The 5th Circuit Court of Appeals has ruled for the first time that Section 504 of the Rehabilitation Act authorizes employment discrimination lawsuits filed by independent contractors. The court's ruling in Flynn v. Distinctive Home Care, Inc. is significant in its finding that the Rehabilitation Act offers broader protection than Title I of the Americans with Disabilities Act (ADA).
An employer's use of third-party management companies, independent contractors, staffing agencies or labor providers could constitute joint employment that makes both parties liable for any minimum wage and overtime violations, the US Department of Labor warns.
A downward trend in the size of settlements reversed last year, as plaintiffs figure out ways to work around a Supreme Court ruling that made it more difficult for plaintiffs to prove commonality to bring a class action.
The US Supreme Court has agreed to hear an appeal of Navarro v. Encino Motorcars, LLC, in which the 9th Circuit Court of Appeals ruled that auto dealership service advisors are not eligible for an Fair Labor Standards Act overtime exemption.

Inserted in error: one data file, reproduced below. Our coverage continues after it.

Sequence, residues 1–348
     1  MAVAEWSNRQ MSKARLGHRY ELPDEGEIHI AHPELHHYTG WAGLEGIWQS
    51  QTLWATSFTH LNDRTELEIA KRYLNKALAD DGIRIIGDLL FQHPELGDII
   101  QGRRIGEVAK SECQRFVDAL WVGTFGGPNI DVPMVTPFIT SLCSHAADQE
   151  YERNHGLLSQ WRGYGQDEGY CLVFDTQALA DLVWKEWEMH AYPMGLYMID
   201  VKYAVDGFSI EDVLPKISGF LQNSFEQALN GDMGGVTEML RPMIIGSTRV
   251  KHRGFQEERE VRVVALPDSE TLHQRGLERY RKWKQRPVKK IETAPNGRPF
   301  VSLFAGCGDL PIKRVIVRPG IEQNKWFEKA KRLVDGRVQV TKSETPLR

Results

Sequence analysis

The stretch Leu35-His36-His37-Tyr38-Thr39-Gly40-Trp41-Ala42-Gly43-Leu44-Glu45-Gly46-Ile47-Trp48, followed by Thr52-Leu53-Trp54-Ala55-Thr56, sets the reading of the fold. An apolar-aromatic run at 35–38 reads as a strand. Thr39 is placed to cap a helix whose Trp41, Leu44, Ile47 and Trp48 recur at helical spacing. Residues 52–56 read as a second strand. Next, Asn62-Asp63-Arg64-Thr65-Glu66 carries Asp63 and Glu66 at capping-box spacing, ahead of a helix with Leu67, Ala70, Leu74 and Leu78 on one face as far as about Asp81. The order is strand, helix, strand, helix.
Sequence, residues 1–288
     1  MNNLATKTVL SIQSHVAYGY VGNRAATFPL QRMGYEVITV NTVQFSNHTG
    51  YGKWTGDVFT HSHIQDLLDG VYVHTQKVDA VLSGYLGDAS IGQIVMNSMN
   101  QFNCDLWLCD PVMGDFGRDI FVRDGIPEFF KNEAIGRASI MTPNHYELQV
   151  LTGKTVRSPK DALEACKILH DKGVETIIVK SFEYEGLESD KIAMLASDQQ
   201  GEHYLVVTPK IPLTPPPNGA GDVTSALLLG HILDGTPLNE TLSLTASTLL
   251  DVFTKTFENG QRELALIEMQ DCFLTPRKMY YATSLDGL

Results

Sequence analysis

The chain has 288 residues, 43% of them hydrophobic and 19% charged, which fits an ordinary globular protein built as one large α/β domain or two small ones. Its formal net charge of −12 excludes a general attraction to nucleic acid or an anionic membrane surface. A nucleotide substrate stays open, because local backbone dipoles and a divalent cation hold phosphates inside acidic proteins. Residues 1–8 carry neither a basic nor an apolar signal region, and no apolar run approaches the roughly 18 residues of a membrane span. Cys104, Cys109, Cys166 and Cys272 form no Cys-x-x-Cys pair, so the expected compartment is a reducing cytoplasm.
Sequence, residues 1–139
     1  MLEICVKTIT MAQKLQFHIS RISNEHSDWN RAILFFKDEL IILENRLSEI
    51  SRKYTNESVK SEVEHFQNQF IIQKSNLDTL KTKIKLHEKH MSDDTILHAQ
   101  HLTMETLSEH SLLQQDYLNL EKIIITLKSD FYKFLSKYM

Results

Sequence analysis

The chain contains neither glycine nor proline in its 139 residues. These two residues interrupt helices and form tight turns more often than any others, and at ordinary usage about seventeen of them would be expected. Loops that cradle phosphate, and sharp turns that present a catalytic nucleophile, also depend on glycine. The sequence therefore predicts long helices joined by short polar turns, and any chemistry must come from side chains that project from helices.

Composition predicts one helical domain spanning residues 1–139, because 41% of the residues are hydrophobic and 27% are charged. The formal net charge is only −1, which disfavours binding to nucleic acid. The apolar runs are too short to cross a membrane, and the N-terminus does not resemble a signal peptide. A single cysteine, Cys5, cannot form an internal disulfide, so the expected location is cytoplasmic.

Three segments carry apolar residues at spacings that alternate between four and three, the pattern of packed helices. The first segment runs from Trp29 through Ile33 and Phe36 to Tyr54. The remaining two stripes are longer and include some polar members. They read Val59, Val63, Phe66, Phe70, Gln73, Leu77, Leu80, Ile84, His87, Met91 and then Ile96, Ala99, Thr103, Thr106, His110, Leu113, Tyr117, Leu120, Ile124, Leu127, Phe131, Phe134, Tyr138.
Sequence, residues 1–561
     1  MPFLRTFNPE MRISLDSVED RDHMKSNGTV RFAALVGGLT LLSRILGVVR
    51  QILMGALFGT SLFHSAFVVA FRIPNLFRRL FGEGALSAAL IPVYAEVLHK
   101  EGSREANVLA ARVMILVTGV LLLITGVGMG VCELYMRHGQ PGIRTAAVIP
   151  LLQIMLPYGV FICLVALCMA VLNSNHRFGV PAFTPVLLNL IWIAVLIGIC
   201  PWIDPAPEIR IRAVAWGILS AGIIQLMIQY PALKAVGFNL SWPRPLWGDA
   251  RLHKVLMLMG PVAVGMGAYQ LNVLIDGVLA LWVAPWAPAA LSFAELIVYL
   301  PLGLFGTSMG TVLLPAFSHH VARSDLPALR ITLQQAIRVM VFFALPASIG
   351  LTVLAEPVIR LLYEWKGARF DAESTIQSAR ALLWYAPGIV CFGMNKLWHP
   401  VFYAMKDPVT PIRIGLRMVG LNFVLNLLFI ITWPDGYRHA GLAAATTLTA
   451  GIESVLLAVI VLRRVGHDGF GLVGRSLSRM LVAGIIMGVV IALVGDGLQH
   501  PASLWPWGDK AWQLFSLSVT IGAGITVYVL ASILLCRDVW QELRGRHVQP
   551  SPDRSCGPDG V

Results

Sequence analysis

In fiscal year 2015, the US Department of Labor's Wage and Hour Division collected about $74 million in back wages owed to about 102,000 employees in the agriculture, day care, restaurants, garment manufacturing, guard services, health care, hotels and motels, janitorial services and temporary help sectors.
Seattle has become the first US city to allow drivers for Uber, Lyft and other ride-hailing company apps to unionize. The Seattle City Council voted unanimously to enact this groundbreaking measure. But Uber may challenge the ordinance in court, so this is likely not the last word on the issue.
In Rosenfield v. Globaltranz Enters., the 9th Circuit Court of Appeals ruled that an HR director's lack of responsibility for ensuring FLSA compliance helped establish that her complaints were protected from retaliation under the Fair Labor Standards Act (FLSA).
In Babcock v. Butler Cnty., the 3rd US Circuit Court of Appeals rejected a "completely relieved from duty" test for unpaid meal breaks in favor of a "predominant benefit" standard that is more favorable to employers.
The 3rd Circuit Court of Appeals has ruled that an employer using the services of a staffing agency may be held liable under federal and state civil rights laws for racial discrimination claims made by temporary employees.
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